Much of history is characterized by conflict. From the Crusades of Christendom to the American Civil War, nations, groups and ideologies have often decided who will prevail not through pens but through swords. As Mussolini stated when encouraging Italy to enter the First World War, “Blood alone moves the wheels of history.”

Though violence is by no means the only or even the most effective device to achieve a goal, it has often served as a last resort, propping up a cause that might otherwise fail. This method was once used in the very same region where The Republican Journal circulates, Midcoast Maine, back in the late 18th and early 19th centuries. This area was then a place of great hardship and strife, a place of escape but also of difficulty, a place of struggling yeomen and an elite gentlemen class.

When 13 of Britain’s colonies rebelled against the empire, going on to form their own nation, great intellectuals such as Thomas Jefferson, Patrick Henry, Benjamin Franklin and James Madison encapsulated the spirit of the rebellion with fiery orations about Liberty and Freedom, which Jefferson espoused in America’s Declaration of  Independence and James Madison espoused in the United States Constitution. But though such phrases as “We believe That All Men are created equal and endowed with certain inalienable rights” are high-minded and righteous, at the time,  they were certainly not realized.

America in the 18th century was a land in which one man could own another, and some enjoyed great riches while others suffered in abject poverty. The generals of the Revolutionary War enjoyed a prosperous retirement, while the foot soldiers were abandoned by the government they served.

One example of those generals is Henry Knox, famous for moving artillery from the captured Fort Ticonderoga to Dorchester Heights, forcing the British military out of Boston. After the war, Henry Knox obtained, through dubious means, a large quantity of land in Midcoast Maine, thus becoming part of  a group of men known as the “great proprietors,” men who owned large tracts of land on which many others resided. The proprietors saw themselves as natural father figures to their communities, protecting and representing them, and in turn deserving payment from the settlers occupying their land.

The settlers, on the other hand, believed land was something you earned by improving it with farms and buildings, and that men should be equals engaged in mutual trade, not what they saw as quasi-lordship. In addition, the prices asked by the proprietors as payment for their land was often beyond what was possible for many of the destitute settlers.

In order to avoid those payments, men would band together dressed as Wabanaki in rural communities such as Davistown (modern day Montville and Liberty) to harass surveyors sent by the proprietors until they fled,  thus making it impossible for the land to be divided into lots and the people charged for them. They called themselves Liberty men; the proprietors called them White Indians.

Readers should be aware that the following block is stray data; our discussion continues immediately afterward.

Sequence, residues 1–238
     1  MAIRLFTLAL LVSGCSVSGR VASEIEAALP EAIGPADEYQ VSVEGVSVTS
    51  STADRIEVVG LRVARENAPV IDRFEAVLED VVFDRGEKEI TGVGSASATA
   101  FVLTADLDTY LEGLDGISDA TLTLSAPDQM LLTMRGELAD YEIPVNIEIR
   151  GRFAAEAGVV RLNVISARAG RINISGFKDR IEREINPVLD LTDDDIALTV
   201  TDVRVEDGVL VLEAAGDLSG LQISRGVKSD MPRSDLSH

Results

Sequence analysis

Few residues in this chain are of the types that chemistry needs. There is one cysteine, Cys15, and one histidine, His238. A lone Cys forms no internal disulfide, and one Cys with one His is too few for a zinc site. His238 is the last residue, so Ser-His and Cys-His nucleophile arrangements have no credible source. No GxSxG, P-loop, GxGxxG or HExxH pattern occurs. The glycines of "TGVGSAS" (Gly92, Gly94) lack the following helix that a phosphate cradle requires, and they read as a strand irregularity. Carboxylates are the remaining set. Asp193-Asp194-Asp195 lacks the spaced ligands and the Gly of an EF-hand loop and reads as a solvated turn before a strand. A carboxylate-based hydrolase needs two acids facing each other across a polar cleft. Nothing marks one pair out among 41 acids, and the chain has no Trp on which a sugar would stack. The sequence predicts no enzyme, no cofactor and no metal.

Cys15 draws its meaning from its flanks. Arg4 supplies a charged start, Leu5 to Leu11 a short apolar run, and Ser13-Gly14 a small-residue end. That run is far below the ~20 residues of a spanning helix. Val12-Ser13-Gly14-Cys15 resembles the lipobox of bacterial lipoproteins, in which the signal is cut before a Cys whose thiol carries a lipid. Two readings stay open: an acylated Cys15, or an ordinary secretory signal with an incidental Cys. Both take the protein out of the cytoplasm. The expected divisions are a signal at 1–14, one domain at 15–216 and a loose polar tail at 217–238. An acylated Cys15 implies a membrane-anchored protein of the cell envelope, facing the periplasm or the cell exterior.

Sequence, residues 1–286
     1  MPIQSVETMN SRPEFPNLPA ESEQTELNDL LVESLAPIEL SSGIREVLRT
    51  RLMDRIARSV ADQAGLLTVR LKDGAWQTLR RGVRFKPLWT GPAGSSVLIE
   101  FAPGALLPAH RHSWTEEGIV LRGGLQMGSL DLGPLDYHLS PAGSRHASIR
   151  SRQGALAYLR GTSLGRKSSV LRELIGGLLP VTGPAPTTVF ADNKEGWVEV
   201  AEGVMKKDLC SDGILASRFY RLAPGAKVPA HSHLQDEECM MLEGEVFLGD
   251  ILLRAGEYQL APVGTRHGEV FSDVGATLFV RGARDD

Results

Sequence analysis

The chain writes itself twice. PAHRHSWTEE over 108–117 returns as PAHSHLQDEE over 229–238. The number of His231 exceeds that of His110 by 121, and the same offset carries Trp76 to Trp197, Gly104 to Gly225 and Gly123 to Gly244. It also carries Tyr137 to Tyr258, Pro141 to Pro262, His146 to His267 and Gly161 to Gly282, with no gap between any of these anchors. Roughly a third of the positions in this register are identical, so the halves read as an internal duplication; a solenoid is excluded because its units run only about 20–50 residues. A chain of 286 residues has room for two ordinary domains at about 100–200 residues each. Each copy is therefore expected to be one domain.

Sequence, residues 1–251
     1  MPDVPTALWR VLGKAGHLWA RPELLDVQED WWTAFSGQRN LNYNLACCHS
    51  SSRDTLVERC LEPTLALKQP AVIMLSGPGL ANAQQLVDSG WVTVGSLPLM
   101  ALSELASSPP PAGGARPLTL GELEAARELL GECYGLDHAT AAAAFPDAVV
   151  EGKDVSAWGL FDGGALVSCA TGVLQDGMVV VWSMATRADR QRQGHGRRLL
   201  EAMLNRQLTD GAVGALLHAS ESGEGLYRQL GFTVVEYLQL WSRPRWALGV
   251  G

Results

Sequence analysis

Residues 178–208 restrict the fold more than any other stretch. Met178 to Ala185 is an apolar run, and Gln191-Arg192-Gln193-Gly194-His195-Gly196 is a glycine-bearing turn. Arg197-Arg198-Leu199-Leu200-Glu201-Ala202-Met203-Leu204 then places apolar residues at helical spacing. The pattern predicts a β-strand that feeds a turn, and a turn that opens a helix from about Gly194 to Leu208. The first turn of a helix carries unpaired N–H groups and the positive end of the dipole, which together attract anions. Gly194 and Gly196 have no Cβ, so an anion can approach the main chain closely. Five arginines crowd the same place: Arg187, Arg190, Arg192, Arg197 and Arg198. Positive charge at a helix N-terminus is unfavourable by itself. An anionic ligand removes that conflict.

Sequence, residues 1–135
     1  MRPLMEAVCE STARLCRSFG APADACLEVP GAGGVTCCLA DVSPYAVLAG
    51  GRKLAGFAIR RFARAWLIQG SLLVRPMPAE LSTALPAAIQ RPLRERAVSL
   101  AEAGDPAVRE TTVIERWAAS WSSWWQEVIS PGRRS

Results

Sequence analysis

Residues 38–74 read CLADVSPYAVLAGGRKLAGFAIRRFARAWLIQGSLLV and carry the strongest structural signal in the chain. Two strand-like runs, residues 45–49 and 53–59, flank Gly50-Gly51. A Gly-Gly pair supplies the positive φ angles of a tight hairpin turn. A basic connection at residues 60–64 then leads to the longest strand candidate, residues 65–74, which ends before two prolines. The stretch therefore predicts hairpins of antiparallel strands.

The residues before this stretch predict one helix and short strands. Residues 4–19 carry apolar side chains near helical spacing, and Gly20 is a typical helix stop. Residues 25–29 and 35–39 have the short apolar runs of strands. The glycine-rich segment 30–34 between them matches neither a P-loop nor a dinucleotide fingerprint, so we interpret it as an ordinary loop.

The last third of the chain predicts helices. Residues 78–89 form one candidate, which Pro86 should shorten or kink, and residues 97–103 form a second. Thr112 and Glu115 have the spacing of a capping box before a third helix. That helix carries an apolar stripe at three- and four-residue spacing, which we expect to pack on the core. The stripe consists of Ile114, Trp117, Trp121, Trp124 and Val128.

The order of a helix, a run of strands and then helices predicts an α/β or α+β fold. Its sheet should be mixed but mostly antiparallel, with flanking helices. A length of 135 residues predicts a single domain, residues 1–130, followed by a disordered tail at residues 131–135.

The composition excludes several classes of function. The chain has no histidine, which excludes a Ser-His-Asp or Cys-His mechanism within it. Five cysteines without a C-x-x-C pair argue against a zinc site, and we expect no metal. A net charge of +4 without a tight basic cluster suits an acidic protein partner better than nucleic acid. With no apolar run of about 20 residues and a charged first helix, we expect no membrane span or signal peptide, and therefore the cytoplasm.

Through decades, the Liberty Men fended off the surveyors, trending a careful line of limiting themselves to small parties and avoiding murder in order not to be dismantled by militias, which operated strictly by the law.

Though their strategies worked for a time, this was not to last. By 1810, the Liberty Men’s scare tactics were no longer effective, causing them to resort to more drastic measures. They beat a sheriff, attempted to kill a property agent and eventually murdered a teenage surveyor. Their violent actions alienated their supporters, and the resistance ultimately collapsed. The most hardline members moved to new frontiers in Nova Scotia and Ohio, and the rest gave in to the proprietors’ demands.

Today their story stands as either a horror story of anarchist insurrectionists, or a gallant tale of brave men defending their land and honor, depending on your perspective. Either way, it is a fascinating time and place in history with echoes in the modern day. One of the loudest of these echoes is preserved by several names of towns in this area: Liberty, Unity and Freedom.

Thank You to “Liberty Men and Great Proprietors,” by Allen Taylor,  for providing the information for this column. To see Taylor discuss his book, go to the online section of the Liberty Library webpage, where you can watch a recording for free.


Friends of Haystack Mountain has until December to raise $500,000 to preserve the mountain. Their first action is a production of “Blueberries for Sal” at Walker Elementary School on Thursday, Aug. 18, at 5:30 p.m. Before the play, guided tours that day will explore the mountain starting at 4 p.m. The event is free to the public and donations will be collected. Anyone unable to attend can help save the mountain by visiting

The Liberty Baptist Church will hold a community picnic on Aug. 20 from 4 to 7 p.m. There will be a picnic dinner, lawn games and a slip and slide for children.

Montville will hold a special town meeting on Aug. 23, 6:30 p.m., at the Town Hall.